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News | Sept. 11, 2020

Two Titles, One Mission: Coach & Army Capt. Carl Little

By Kimbreli Flournoy Richmond Recruiting Battalion

Capt. Carl Little has been in the U.S. Army for 21 years, but his career has taken a path most would not expect of a Soldier.  For six years of his Army career, Little has served as a basketball coach. That's right, basketball.

The All-Army Sports Program provides an avenue for Soldier-athletes to compete at the national and international levels. The Army selects qualified Soldiers for short-term training and competition periods, with the length being dependent on the sport and skill level. In 2013, Little became the coach for the All-Army Men's Basketball Team. Just one year later, he led the team to a silver medal at the 2014 Armed Forces Basketball Championships.

Much like Army recruiters must find top talent to serve as Soldiers in various career fields, Little works to recruit those who are not only a "top athlete, but a great Soldier" to join his team, he said. Over 300 Soldiers submit applications each year to be a part of the team, but only 20 make the squad.

Little was named Coach of the Year in 2016 when his team went undefeated to win the gold medal at the Armed Forces Basketball Championships two years after winning the silver medal. It was the first time in nine years for the All-Army Team.

What it’s like to be a part of the All-Army Team

The All-Army Sports Teams operate much like the college and professional level. Players are summoned to the team as a temporary duty assignment with approval from their current military installation. They attend a training camp where they are tested on their conditioning, skills, and team chemistry for four hours a day. It’s a time for players to set themselves apart, define their roles, and showcase their talents.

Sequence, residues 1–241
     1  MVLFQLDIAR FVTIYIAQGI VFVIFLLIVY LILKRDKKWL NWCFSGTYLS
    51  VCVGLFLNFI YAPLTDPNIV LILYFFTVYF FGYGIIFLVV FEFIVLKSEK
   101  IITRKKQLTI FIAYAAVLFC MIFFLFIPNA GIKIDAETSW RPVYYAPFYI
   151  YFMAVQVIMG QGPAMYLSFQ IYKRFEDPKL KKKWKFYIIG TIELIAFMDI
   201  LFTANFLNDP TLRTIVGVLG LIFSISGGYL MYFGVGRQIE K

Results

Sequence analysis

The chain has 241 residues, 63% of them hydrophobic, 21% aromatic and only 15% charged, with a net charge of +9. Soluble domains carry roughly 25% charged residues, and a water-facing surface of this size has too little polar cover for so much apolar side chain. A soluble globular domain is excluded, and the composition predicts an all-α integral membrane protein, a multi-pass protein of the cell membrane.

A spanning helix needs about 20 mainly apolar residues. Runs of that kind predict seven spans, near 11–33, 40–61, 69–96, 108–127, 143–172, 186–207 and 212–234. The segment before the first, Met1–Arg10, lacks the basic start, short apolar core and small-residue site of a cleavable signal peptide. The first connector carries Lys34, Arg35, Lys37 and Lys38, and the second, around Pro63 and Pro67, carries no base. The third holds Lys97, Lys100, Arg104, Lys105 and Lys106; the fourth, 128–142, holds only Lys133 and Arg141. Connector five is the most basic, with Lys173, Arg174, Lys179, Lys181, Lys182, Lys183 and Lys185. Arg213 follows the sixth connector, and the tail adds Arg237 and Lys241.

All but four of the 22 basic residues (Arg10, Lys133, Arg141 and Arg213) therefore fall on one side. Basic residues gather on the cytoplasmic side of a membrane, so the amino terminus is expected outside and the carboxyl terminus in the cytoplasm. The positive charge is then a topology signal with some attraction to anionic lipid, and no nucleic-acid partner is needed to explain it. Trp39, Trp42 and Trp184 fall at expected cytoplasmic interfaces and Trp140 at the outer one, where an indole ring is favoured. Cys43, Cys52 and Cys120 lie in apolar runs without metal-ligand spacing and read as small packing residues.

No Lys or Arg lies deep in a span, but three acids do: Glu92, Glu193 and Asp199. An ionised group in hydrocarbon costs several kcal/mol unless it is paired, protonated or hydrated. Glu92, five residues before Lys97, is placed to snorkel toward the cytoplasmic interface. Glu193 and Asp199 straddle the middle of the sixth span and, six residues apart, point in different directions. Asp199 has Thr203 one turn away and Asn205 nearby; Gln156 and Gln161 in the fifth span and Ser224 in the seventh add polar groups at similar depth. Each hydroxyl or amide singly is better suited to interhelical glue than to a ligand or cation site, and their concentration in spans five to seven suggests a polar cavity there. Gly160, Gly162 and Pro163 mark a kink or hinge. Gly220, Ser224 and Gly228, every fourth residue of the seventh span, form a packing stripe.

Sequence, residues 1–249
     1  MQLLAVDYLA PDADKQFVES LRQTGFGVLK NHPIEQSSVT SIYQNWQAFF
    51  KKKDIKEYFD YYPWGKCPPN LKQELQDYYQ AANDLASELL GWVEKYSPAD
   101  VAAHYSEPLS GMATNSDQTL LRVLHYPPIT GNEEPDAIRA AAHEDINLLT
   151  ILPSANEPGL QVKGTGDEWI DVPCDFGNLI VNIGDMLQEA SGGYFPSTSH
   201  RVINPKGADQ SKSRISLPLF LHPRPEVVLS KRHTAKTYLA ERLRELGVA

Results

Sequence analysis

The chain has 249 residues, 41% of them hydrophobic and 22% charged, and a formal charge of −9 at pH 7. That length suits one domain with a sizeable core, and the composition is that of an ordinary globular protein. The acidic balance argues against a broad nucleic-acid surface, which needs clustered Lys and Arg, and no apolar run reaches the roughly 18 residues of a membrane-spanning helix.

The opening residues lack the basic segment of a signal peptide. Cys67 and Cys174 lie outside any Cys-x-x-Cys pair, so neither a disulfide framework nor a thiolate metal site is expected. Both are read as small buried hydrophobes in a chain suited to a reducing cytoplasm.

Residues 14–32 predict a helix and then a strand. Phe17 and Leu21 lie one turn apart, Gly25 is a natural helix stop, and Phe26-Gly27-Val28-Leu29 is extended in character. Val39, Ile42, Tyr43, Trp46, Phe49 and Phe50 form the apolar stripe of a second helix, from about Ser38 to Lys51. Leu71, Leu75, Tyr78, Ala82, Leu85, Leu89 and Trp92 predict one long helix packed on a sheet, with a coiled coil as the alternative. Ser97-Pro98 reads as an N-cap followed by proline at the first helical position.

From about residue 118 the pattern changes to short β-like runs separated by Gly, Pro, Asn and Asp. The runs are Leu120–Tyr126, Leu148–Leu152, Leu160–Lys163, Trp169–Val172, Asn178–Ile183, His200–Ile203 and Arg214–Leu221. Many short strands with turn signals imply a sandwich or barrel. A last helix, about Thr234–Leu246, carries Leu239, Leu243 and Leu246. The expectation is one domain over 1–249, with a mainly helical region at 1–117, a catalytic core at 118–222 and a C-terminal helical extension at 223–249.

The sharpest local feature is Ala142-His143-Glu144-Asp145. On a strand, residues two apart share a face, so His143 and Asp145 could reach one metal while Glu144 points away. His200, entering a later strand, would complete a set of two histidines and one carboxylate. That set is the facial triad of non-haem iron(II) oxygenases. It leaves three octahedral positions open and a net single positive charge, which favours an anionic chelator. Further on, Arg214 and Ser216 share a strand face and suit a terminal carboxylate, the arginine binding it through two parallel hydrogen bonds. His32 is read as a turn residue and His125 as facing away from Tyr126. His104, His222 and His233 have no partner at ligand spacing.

The team competes against other military services in various tournaments. Much like the regular season, playoffs and championship games at the college and professional levels.

Soldiers are eligible to try out for the All-Army Team after they complete Advanced Individual Training and are assigned to their first duty station, enabling them to continue to advance in their sport while also pursuing a career. Elite Soldier-athletes even get the opportunity to represent the country in the Military World Games and Military Olympics as a part of the U.S. Army World Class Athlete Program.

Capt. Little’s Tips for Future Soldiers who want to join the All-Army Sports Team

For Future Soldiers who are considering joining the All-Army Sports Team, Coach Little has a few tips:

  • Every post has a team, after completing basic training and assigned to your first duty station, join your military base intramural team.  Contact your installation’s Family and MWR Office for intramural sports details.
  • Conditioning is important and the best way to set yourself apart from your competitors.
  • College is still an option. Whether you want to play sports in college or just attend. The benefits of being an Army-athlete can afford you those opportunities. Soldiers are offered the GI Bill to return back to school and continue their education.
  • Always remember, you are a Soldier first and athlete second.

What’s Next

After coaching the All-Army Basketball Team for six years, Little is set to retire, finishing his career in Virginia Beach, Virginia. He has left his mark as both a coach and Soldier, and his impact will be remembered for many years to come.

For more information about All Army Sports, you can visit their website at, email or call +1(210)466-1337.



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